Tuesday, November 08, 2011

Empty Quarter 2.0

We went camping in the Empty Quarter again earlier this week, this time without any freaky thunderstorms swooping in to put a damper on our fun.

Also increasing the fun factor was that we went with two other families, for a total of six adults and six kids.

However, the trip wasn't quite as epic as it could have been since both Jeremy and I were battling colds. Jeremy was on the tail end of his, while I was in full panic that I had a nascent case of The Cough. I spent most of the four-hour drive into the literal middle of nowhere assessing the relative scratchiness of my throat and whether it was increasing or decreasing (it was increasing).

But the Empty Quarter has a lot to distract you, even from sickness.


We camped in the same general area as last time and I believe the kids were out of the car for approximately 0.25 seconds before the shoes were off and they were out exploring.



 Gigantic, never-ending sandbox = Magdalena's wildest dream come true.

 Miriam was the oldest of the six kids along for the expedition and she made the most of being the leader.

We ended up camping a couple of dunes over from the site of our previous adventure, and drove in farther to avoid having to hike our stuff over the dunes like last time.

We hit a little snag when "driving in farther" meant "getting stuck in the sand." The first to fall victim to the deceptive sand/salt flats was not us, but one of our traveling companions. They got out with relatively little difficulty (says me, who watched from afar).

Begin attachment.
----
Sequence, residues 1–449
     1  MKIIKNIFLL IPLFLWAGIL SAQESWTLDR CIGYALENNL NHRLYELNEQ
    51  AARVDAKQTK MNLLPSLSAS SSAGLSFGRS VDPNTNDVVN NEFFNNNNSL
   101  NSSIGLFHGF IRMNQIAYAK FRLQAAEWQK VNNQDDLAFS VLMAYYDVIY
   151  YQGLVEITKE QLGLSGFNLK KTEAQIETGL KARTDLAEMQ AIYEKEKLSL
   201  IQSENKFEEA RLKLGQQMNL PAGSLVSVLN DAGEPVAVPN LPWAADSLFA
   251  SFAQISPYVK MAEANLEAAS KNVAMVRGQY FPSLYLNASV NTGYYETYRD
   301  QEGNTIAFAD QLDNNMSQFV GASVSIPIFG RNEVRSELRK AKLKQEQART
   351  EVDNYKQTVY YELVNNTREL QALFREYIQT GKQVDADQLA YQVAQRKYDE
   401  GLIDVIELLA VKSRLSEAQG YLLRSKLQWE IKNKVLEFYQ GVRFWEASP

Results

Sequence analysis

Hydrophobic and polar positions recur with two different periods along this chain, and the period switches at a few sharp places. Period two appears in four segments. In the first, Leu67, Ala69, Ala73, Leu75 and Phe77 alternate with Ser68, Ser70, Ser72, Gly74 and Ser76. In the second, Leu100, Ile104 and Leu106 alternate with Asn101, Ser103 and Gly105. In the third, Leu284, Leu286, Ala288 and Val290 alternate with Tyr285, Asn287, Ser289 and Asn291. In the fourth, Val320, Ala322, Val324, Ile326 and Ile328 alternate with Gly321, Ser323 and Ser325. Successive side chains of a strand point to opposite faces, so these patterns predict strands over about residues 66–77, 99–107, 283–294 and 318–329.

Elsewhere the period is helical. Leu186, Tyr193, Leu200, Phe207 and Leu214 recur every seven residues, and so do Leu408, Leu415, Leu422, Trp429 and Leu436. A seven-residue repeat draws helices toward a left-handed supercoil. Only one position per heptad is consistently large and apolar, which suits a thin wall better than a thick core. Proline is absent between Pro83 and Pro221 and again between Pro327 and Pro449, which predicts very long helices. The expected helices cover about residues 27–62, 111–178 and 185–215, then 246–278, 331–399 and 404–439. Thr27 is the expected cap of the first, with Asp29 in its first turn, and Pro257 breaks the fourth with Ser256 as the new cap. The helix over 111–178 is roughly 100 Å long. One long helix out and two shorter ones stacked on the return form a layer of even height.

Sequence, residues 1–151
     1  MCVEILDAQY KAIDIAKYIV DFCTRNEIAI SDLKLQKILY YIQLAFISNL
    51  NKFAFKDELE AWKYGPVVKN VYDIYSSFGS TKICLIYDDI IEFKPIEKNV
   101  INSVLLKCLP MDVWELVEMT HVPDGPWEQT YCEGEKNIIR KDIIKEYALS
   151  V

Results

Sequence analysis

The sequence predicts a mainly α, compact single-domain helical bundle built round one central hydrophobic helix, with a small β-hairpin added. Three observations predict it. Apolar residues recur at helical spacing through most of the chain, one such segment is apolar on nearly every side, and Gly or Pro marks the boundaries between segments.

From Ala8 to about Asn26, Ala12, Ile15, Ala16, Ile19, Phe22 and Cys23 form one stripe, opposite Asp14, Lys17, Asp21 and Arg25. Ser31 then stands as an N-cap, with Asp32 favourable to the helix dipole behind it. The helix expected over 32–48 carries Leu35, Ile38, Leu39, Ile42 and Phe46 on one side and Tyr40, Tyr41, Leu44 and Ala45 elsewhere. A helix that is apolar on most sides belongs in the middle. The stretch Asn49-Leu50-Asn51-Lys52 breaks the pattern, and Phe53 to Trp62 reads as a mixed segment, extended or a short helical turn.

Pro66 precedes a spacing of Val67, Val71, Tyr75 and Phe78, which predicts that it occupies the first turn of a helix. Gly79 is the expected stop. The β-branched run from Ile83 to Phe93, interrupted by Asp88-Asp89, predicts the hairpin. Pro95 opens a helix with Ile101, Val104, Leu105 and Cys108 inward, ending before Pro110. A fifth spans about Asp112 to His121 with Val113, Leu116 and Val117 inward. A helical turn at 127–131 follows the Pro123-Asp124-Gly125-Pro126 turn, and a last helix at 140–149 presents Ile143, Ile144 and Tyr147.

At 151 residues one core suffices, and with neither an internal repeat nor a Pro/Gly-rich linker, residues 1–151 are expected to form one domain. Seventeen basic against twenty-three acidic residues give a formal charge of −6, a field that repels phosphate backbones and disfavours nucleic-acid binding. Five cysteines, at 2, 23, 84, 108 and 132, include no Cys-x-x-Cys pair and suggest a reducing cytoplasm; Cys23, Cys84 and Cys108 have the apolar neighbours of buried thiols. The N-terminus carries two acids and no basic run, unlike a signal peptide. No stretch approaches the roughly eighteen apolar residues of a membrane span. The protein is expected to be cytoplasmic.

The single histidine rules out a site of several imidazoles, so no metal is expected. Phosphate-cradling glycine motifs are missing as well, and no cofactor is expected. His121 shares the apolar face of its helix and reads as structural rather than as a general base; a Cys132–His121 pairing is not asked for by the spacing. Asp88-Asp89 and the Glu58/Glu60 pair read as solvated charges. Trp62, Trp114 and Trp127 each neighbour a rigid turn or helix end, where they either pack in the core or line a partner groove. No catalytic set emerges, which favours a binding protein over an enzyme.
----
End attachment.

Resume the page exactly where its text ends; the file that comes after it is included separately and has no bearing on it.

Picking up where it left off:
I have learned that you should never leave home without taking along your friendly neighborhood Australian With A Land Rover (that's him on the left). Indispensable.

You see, the next morning on the drive out, it was our turn to get stuck. We were first in line in the caravan. The tricky thing about driving off-road is that to avoid getting stuck, you need to maintain a good clip. You also need to watch out for soft, sticky areas. Speed + on-the-fly navigation is not my forte, which is why THIS happened:


Jeremy did his best to make me feel better by telling me how nice it was that I hadn't gotten us stuck about 50 meters earlier, in a patch of muck that was far from any solid ground that a second vehicle could perch on while it pulled us out. At least here, we had a random rise of semi-solid sand nearby for our Australian With A Land Rover to work with.